Louisiana flooding: Volunteers descend on stricken state to assist relief efforts

Louisiana Flood Is Worst U.S. Disaster Since Sandy, Red Cross Says

More than 1,000 volunteers from every state were descending on flood-stricken Louisiana Wednesday to assist relief efforts for what the Red Cross called the nation's worst disaster since Superstorm Sandy.

At least 11 people have been killed, some 40,000 homes affected and 30,000 people rescued in what officials have described as some of the worst flooding ever to hit the state.

Around 8,000 people remain in emergency shelters, days after the deluge began.

Most of Louisiana has received at least one foot of rain since Friday — with some places getting as much as 30 inches, according to the National Weather Service. Although the water has receded in some areas, it's still rising in others as the floodwaters move downstream toward the Gulf of Mexico.

Devastating images fromLouisiana

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Devastating scenes from Louisiana of flooding
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Devastating scenes from Louisiana of flooding
An aircrew from Coast Guard Air Station New Orleans rescues three people from a rooftop due to flooding in Baton Rouge, Louisiana, U.S., A in this still image from video taken on August 13, 2016. Coast Guard Air Station New Orleans/Handout via REUTERS ATTENTION EDITORS - THIS IMAGE WAS PROVIDED BY A THIRD PARTY. EDITORIAL USE ONLY
An aircrew from Coast Guard Air Station New Orleans rescues three people from a rooftop due to flooding in Baton Rouge, Louisiana, U.S., in this still image from video taken on August 13, 2016. Coast Guard Air Station New Orleans/Handout via REUTERS ATTENTION EDITORS - THIS IMAGE WAS PROVIDED BY A THIRD PARTY. EDITORIAL USE ONLY
A truck drives through a flooded street in Greenwell Springs, Louisiana, U.S., August 14, 2016. REUTERS/Jeffrey Dubinsky
Residents survey flooding on Lee Street after heavy rains in Sorrento, Louisiana, U.S. August 17, 2016. REUTERS/Edmund D. Fountain
A flooded house is seen in Prairieville, Louisiana, U.S., August 16, 2016. REUTERS/Jonathan Bachman
A casket is seen in front of a partially submerged church in Ascension Parish, Louisiana, U.S., August 15, 2016. REUTERS/Jonathan Bachman
A submerged vehicle is seen in Ascension Parish, Louisiana, U.S., August 15, 2016. REUTERS/Jonathan Bachman
A submerged house is seen in Ascension Parish, Louisiana, U.S., August 15, 2016. REUTERS/Jonathan Bachman
Richard Rossi and his 4 year old great grandson Justice wade through water in search of higher ground after their home took in water in St. Amant, Louisiana, U.S., August 15, 2016. REUTERS/Jonathan Bachman TPX IMAGES OF THE DAY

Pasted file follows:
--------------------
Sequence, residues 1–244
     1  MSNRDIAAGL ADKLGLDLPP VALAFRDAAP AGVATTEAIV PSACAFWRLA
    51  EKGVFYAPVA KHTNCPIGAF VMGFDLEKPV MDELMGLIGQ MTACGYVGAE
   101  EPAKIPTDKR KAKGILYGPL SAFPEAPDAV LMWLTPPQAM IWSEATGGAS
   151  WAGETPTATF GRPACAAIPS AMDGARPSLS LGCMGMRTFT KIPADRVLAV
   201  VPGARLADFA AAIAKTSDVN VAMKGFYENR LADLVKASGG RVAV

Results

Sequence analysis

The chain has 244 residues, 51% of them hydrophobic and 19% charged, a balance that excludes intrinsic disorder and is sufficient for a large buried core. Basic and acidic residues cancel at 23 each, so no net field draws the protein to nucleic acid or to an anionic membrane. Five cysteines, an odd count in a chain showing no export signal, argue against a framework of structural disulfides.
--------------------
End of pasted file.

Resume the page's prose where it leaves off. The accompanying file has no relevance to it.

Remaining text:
Residents are rescued in Ascension Parish, Louisiana, U.S., August 15, 2016. REUTERS/Jonathan Bachman
Brittany Addox carries her dog, Maggie, after being rescued in Ascension Parish, Louisiana, U.S., August 15, 2016. REUTERS/Jonathan Bachman
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The scale of the devastation was only starting to come to light.

"The current flooding in Louisiana is the worst natural disaster to strike the United States since Superstorm Sandy [in Oct. 2012]" said Brad Kieserman, the Red Cross's vice president of disaster services, operations and logistics.

Photos: Historic Louisiana Floods: More Than 40,000 Homes Affected

He said in a statement Tuesday that the relief operation would cost at least $30 million — warning that the price tag "may grow as we learn more about the scope and magnitude of the devastation."

Grammy award-winning musician Taylor Swift said she was donating $1 million to flood relief because of the warm welcome she was given when kicking off her world tour in the state last year.

"The fact that so many people in Louisiana have been forced out of their own homes this week is heartbreaking," the 26-year-old performer said in a statement. "I encourage those who can to help out and send your love and prayers their way during this devastating time."

Louisiana flooding: At least 11 dead, 8,000 in shelters

The Red Cross said volunteers from all 50 states, plus the District of Columbia and Puerto Rico, were helping thousands of residents get to a safe place, as well providing them with food and water.

Twenty parishes were under a federal disaster zone and more than a dozen were subject to overnight curfews. At least 10 people have been arrested for looting in East Baton Rouge parish, according to Sheriff Sid Gautreaux.

Gautreaux told a news conference Tuesday that there were "significant" power outages and some homes and businesses had experienced "total devastation."

More from NBC News: What Louisiana Flood Victims Need to Do Right Now

Among the worst affected was Livingston Parish, where more than three quarters of all homes have already been "lost to floods," Lori Steele, a spokeswoman for the parish, told NBC News.

"We're devastated in Livingston," Livingston Sheriff Jason Dore told the news conference.

Floodwaters were slopping over the top of the the Laurel Ridge levee, which protects the parish in the Baton Rouge metropolitan area from the Amite River, according to the Ascension Parish Homeland Security Office.

A third of Ascension's 45,000 homes have been flooded — and waters there are expected to rise.

"The next 24 to 48 hours is going to be a significant indication of just how much risk the parish remains in," said Rick Webre, director of the Homeland Security Office.

Forecasters said the worst of the rain is likely over, but the southern part of the state is still expected to see some 2 inches more rain through Friday, the NWS said.

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